Little girls giggling and running from the school gates at home time singing out Macaron pour president!..again and again, laughing at their play on words. Hearing ten year olds talking of their parents wanting to move abroad if the opponent to Macron should win. Fear has blown in gusts about us for two weeks now, and disbelief at the close proximity of the alternate party. Today my husband spent the day in the garage, anxious, needing to occupy himself rather than think about the election.
Now the country has spoken and we can celebrate and support a man who speaks with positivity and reason. Keeping europe together, rather than ripping people apart.
Emmanuel Macron gives us hope and here in our home we are truly joyful at his election.
Recently I had the opportunity to go to a provençal carnaval. From February to April here in France there are many such celebrations of springtime and the banishing of the greyness of winter. Whilst most of us know this festival as a christian feast, carnival is a costume party that has existed for more than two thousand years with an enduring seasonal emphasis. In roman times, servants and masters were known to exchange dress for a temporary and definitely superficial reversal of role. Continue reading “Pets de nonne”
Several times we have visited the city of Romans-sur-Isere, a quaint city in the department of the Drome, quite famous for three things – being the former capital of shoe manufacturing in Europe, for its delicious brioche like bread – the Pogne de Romans and finally for its adorable biscuits, the Lunettes de Romans (eyeglasses of Romans).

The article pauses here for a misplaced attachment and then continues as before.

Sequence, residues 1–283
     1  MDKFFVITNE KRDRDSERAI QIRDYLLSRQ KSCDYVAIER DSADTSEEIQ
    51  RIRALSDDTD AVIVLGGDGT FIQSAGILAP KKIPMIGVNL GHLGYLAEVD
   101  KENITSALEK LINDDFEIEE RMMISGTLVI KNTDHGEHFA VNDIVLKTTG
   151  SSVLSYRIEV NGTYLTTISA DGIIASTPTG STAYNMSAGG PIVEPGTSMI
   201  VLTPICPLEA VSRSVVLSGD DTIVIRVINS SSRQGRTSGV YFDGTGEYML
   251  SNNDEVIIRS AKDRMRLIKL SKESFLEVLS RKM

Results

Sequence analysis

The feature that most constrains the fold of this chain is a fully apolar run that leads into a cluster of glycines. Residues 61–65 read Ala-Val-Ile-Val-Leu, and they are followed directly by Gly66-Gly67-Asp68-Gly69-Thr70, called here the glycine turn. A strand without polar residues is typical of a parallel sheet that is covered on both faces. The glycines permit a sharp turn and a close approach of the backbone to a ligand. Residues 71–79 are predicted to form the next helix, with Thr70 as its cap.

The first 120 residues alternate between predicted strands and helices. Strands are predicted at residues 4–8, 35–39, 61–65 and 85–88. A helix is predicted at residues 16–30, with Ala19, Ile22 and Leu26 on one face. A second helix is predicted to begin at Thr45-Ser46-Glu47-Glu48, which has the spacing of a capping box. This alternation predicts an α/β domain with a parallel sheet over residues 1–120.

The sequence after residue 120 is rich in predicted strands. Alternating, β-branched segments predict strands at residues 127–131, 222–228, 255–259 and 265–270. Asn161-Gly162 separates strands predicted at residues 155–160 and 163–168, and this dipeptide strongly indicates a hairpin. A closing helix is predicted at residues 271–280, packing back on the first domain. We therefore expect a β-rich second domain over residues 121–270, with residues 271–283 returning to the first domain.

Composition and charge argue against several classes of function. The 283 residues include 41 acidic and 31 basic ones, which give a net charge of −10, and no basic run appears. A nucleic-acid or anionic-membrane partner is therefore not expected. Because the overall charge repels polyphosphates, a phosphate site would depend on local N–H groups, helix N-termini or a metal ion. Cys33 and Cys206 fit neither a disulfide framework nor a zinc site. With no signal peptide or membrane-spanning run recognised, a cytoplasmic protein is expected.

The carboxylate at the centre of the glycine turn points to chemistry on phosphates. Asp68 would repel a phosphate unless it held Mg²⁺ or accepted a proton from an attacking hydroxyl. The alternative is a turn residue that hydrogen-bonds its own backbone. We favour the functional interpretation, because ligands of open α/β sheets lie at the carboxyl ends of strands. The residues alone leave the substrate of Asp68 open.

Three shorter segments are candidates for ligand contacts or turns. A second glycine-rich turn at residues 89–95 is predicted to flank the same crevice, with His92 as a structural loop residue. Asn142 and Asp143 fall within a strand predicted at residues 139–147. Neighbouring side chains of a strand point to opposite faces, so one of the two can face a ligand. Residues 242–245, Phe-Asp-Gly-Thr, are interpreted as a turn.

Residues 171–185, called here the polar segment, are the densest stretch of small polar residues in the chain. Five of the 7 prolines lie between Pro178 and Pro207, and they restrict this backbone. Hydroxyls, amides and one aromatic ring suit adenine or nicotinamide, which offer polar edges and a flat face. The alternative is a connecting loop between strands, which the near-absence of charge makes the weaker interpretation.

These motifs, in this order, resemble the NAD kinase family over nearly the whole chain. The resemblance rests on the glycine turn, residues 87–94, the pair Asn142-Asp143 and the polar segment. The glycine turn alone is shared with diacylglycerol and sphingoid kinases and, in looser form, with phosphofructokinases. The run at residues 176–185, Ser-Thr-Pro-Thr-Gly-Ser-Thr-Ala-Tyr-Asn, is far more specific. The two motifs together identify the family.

Shrugging on coats, we laced up our shoes, scooped up three dog leashes and headed for the door. La meute (the pack) do their absolute best to restrain from barking, to avoid waking up the entire building at 7.30 am on a Saturday morning in Lyon. With little ‘shhh’ reminders, I can see the effort they are making to stay calm, so eager to please us but fizzing with excitement for a morning walk. I am blissfully in love with this city, a passion that has spanned unrelenting for more than two decades and I am ethereal as I float down the staircase to the front door. Hauling open the huge carved wooden door we are slapped by the sounds of the city. Already very much awake even for a weekend, we find cyclists pedal along furiously, traffic signals interchange and street cleaners open water valves and spray arcs of water out onto the street. Continue reading “Marché quai St Antoine – Célestins”
I recently found some puzzles that are as they would say here, a croquer, literally ‘to crunch’, so gorgeous I just want to eat them. Giddy and bubbly over these finds, I have to share one before I evaporate entirely. I encountered a man who was clearing out some old family toys from the 1950s and didn’t hesitate to snap them up. I am sure you will be really impressed, I can’t believe my luck… Continue reading “Puzzles des annees 50”
Chasing slippery egg through flour and damming it up before it escaped. A dust of gritty nutmeg sullies the strong white flour, a good sized pinch of salt scatters across the deep dark richness of ground sarrasin. Kneaded together forms a shade of pale, speckled grey. A melding of contrasts to form the smoothest, most generous dough.
I had completely forgotten that I’d ordered them when I went to the mailbox and retrieved the padded envelope. Tearing it open and tipping out the small transparent plastic container I was still in the dark; when I turned it over and found a few pieces of popcorn covered in specks I finally remembered. I burst out laughing at the absurdity of it, my ladybird larvae had arrived. Continue reading “A cultural misunderstanding”